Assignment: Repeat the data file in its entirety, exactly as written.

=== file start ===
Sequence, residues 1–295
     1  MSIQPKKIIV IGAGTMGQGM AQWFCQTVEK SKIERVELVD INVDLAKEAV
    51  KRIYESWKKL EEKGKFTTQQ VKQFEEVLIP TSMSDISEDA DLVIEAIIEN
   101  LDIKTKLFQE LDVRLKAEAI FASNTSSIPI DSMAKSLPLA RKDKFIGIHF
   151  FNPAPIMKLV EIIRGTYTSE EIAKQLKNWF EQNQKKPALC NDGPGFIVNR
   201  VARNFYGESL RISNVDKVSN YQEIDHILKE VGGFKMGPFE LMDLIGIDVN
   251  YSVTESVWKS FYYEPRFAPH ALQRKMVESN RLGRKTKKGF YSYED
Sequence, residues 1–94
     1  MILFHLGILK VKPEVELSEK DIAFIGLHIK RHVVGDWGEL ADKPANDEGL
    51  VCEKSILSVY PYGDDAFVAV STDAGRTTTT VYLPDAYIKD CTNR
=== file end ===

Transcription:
Sequence, residues 1–295
     1  MSIQPKKIIV IGAGTMGQGM AQWFCQTVEK SKIERVELVD INVDLAKEAV
    51  KRIYESWKKL EEKGKFTTQQ VKQFEEVLIP TSMSDISEDA DLVIEAIIEN
   101  LDIKTKLFQE LDVRLKAEAI FASNTSSIPI DSMAKSLPLA RKDKFIGIHF
   151  FNPAPIMKLV EIIRGTYTSE EIAKQLKNWF EQNQKKPALC NDGPGFIVNR
   201  VARNFYGESL RISNVDKVSN YQEIDHILKE VGGFKMGPFE LMDLIGIDVN
   251  YSVTESVWKS FYYEPRFAPH ALQRKMVESN RLGRKTKKGF YSYED
Sequence, residues 1–94
     1  MILFHLGILK VKPEVELSEK DIAFIGLHIK RHVVGDWGEL ADKPANDEGL
    51  VCEKSILSVY PYGDDAFVAV STDAGRTTTT VYLPDAYIKD CTNR